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Imogen Heap

It's obvious that former Frou Frou vocalist Imogen Heap sees herself as a singer in the vein of Tori Amos or Kate Bush, but her show Tuesday at the El Rey only proved how short she falls of her influences. The problem isn't her voice or music, both of which have their pleasures, but the fact that her one-woman perf never turned into anything more than a collection of quirks.

Cast:
Also appearing: Zoe Keating.

It’s obvious that former Frou Frou vocalist Imogen Heap sees herself as a singer in the vein of Tori Amos or Kate Bush, but her show Tuesday at the El Rey only proved how short she falls of her influences. The problem isn’t her voice or music, both of which have their pleasures, but the fact that her one-woman perf never turned into anything more than a collection of quirks.

Taking the stage dressed in a doublet over a tattered sleeved shirt, her thick hair piled on her head and studded with flower buds, she looks like a refugee from a production of “A Midsummer Night’s Dream.” And when she takes the aud on a breathy, motor-mouthed tour of her keyboards, effects boxes and sequencers, she comes off as a slightly batty children’s show hostess. If nothing else, Imogen Heap is a performer deeply committed to her eccentricities.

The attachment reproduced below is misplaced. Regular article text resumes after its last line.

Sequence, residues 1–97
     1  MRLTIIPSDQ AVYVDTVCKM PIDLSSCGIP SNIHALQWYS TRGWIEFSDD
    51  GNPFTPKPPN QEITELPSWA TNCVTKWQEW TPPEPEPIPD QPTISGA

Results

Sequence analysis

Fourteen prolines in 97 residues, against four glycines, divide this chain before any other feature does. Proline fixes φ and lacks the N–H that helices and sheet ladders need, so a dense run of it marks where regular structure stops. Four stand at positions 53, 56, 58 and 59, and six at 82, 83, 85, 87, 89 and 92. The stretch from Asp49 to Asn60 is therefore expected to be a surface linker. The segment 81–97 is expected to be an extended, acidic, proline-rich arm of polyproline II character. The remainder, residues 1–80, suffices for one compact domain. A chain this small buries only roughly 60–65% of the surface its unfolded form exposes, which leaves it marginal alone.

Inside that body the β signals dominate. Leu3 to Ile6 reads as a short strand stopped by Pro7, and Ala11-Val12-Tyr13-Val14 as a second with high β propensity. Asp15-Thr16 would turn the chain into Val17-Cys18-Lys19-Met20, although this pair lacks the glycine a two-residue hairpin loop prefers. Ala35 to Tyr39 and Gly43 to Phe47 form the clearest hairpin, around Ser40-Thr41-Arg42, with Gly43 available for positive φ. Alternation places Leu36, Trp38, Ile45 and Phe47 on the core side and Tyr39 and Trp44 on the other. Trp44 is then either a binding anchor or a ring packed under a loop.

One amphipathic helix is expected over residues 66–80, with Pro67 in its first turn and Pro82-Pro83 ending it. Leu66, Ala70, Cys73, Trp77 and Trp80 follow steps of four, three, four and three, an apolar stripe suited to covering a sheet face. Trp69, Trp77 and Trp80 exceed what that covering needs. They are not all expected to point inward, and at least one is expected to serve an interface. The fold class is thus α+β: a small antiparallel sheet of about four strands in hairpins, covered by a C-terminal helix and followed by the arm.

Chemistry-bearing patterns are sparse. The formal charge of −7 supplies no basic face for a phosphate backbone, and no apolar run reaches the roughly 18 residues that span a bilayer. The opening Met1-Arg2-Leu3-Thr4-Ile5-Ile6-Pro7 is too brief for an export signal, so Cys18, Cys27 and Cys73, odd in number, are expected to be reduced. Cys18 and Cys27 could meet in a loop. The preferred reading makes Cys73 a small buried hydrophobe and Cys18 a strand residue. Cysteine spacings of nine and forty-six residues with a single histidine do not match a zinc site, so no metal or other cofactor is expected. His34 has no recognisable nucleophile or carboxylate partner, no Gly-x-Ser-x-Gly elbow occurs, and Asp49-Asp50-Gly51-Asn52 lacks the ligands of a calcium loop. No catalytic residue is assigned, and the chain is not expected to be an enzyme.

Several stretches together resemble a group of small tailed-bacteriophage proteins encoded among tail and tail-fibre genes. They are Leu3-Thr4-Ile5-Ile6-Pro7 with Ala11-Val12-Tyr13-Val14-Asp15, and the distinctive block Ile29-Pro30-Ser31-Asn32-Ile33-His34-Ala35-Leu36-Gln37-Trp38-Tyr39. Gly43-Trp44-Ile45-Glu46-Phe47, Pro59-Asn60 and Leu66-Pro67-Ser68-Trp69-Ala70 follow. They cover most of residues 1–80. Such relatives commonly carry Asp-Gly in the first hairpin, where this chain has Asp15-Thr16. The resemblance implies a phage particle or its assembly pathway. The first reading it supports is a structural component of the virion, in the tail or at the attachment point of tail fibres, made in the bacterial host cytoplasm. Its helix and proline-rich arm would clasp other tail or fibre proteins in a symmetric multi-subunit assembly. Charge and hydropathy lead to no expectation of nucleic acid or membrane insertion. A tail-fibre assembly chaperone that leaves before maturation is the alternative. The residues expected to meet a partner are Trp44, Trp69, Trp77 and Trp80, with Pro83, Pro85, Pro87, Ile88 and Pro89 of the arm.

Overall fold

That commitment doesn’t seem to extend into the world around her. “Speak for Yourself,” (RCA/Megaphonic) her new album, has the airless quality of something recorded alone at home; the solo concert setting does little to ease her solipsism.

Her mannered vocals –processed swoops, trills and moans — and the music’s electronic maelstrom draw you into Heap’s highly dramatic world. In half-heard phrases, the lyrics intrigue: “Excess is the new moderation,” “It’s not safe in here,” “This time I think it could be triangulated.” But they never coalesce into anything more than random moods. Like teen soaps such as “The OC” that have used Heap’s music, the emotions are both overheated and underbaked.

There were moments when the music cohered, and ironically it was when Heap was at her most conventionally singer-songwriter and sitting at the grand piano. A version of Frou Frou’s “Let Go” was subtly haunting, a few low synthesizer lines running just below her vocal like an ominous wind. And “Can’t Take It In,” (heard on “The Chronicles of Narnia” soundtrack), performed with opening act Zoe Keating, built a lovely layered crescendo.

Imogen Heap

El Rey Theater; 770 capacity; $15

Production: Presented by Goldenvoice and KCRW. Reviewed Jan. 24, 2006.

Cast: Also appearing: Zoe Keating.

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